This guideline covers the short-term management and prevention of self-harm in people aged 8 and over, regardless of whether accompanied by mental illness. It covers the first 48 hours following an act of self-harm, but does not address the longer-term psychiatric care of people who self-harm.
In November 2011 recommendations 220.127.116.11 and 18.104.22.168 on assessment of risk, 22.214.171.124 on special issues for children and young people, and 126.96.36.199 on psychological, psychosocial and pharmacological interventions were replaced with recommendations from self-harm: longer-term management.
This guideline includes recommendations on:
- issues for all services and healthcare professionals
- care in primary care, by ambulance services, in emergency departments and the medical and surgical management of self-harm
- support and advice for people who repeatedly self-harm
- psychosocial assessment
- referral, admission and discharge
- special issues for people under 16 years and older than 65 years
- psychological, psychosocial and pharmacological interventions
Who is is for?
- Healthcare professionals
- Counsellors, psychiatrists, prison health staff, social workers, therapists pharmacists
- Police and professionals who work in the criminal justice and education sectors
- Directors of public health, NHS trust managers and managers in primary care trusts
- People who self harm and their families and carers
Is this guideline up to date?
We checked this guideline in January 2019 and have agreed it will be updated at the earliest opportunity.
Guideline development process
This guideline was previously called self-harm: the short-term physical and psychological management and secondary prevention of self-harm in primary and secondary care.
The recommendations in this guideline represent the view of NICE, arrived at after careful consideration of the evidence available. When exercising their judgement, professionals and practitioners are expected to take this guideline fully into account, alongside the individual needs, preferences and values of their patients or the people using their service. It is not mandatory to apply the recommendations, and the guideline does not override the responsibility to make decisions appropriate to the circumstances of the individual, in consultation with them and their families and carers or guardian.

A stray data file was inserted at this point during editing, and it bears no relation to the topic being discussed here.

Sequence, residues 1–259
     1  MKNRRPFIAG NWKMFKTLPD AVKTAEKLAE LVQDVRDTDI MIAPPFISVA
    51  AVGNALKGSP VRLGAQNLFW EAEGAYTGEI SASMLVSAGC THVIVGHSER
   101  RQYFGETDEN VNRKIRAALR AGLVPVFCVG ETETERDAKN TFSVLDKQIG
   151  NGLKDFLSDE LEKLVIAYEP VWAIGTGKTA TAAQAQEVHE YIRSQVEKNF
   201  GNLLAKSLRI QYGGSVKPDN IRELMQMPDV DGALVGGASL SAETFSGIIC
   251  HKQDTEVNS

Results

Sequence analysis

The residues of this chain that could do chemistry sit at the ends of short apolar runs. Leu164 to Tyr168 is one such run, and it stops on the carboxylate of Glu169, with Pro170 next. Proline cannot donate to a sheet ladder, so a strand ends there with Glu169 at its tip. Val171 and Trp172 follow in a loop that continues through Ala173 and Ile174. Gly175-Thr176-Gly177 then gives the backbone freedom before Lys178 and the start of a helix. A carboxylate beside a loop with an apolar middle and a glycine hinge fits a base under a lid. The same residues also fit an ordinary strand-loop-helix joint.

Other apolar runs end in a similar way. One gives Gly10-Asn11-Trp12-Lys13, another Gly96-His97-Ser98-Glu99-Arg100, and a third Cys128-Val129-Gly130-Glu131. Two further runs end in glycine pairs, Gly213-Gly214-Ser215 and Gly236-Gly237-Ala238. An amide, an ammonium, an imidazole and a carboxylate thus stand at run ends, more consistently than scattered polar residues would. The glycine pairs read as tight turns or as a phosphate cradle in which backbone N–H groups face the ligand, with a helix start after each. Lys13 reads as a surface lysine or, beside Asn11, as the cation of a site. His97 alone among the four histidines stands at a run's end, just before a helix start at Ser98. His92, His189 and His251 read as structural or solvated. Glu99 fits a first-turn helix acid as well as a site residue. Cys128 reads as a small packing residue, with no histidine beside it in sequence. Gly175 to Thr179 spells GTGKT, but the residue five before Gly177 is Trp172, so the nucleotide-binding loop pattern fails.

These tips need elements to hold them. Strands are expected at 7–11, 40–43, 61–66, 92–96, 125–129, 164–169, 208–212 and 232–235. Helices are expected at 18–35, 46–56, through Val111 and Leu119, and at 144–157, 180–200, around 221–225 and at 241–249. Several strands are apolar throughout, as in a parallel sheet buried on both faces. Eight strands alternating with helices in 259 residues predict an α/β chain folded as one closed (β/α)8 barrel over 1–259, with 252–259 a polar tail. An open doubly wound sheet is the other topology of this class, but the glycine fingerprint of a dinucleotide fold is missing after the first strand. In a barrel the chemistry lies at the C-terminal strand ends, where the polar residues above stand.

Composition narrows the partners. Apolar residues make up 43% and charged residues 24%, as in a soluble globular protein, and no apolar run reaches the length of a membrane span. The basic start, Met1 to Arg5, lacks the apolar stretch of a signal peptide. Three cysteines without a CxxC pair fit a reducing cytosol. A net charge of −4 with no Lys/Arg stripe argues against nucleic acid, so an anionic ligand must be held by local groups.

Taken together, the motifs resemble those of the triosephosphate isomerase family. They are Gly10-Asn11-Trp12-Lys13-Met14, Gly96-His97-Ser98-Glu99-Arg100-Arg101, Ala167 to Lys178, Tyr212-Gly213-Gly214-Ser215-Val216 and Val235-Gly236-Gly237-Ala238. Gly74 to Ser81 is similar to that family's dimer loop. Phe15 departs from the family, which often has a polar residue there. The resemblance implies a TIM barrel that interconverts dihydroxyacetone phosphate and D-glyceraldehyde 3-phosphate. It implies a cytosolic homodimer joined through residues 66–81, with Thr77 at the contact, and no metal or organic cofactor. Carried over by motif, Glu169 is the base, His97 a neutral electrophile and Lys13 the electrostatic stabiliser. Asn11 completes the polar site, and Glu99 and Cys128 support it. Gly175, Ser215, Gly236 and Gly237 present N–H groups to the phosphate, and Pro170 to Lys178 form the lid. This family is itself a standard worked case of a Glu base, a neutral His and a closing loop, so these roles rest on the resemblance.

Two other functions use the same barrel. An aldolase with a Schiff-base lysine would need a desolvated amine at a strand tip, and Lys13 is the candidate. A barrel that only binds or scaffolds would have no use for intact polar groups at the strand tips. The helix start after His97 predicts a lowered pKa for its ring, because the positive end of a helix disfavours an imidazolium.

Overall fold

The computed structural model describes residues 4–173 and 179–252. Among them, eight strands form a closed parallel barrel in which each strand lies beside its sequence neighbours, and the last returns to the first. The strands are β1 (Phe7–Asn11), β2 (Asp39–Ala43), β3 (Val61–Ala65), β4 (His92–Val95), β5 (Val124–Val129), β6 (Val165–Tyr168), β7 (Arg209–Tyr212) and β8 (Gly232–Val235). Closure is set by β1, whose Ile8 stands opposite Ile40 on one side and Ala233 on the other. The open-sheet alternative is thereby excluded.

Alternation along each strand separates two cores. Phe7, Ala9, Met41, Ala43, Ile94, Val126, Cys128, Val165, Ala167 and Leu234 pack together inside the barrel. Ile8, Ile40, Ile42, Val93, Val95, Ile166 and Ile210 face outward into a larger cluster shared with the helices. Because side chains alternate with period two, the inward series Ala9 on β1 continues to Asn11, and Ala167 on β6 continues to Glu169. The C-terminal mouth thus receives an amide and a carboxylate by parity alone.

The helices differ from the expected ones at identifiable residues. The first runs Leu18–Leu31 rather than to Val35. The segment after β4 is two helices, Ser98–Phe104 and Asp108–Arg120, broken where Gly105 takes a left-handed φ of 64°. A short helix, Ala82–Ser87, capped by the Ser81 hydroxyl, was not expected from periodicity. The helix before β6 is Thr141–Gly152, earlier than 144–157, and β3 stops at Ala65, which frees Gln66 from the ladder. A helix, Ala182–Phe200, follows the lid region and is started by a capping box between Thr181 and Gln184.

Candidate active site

All problems (adverse events) related to a medicine or medical device used for treatment or in a procedure should be reported to the Medicines and Healthcare products Regulatory Agency using the Yellow Card Scheme.
Local commissioners and providers of healthcare have a responsibility to enable the guideline to be applied when individual professionals and people using services wish to use it. They should do so in the context of local and national priorities for funding and developing services, and in light of their duties to have due regard to the need to eliminate unlawful discrimination, to advance equality of opportunity and to reduce health inequalities. Nothing in this guideline should be interpreted in a way that would be inconsistent with complying with those duties.
Commissioners and providers have a responsibility to promote an environmentally sustainable health and care system and should assess and reduce the environmental impact of implementing NICE recommendations wherever possible.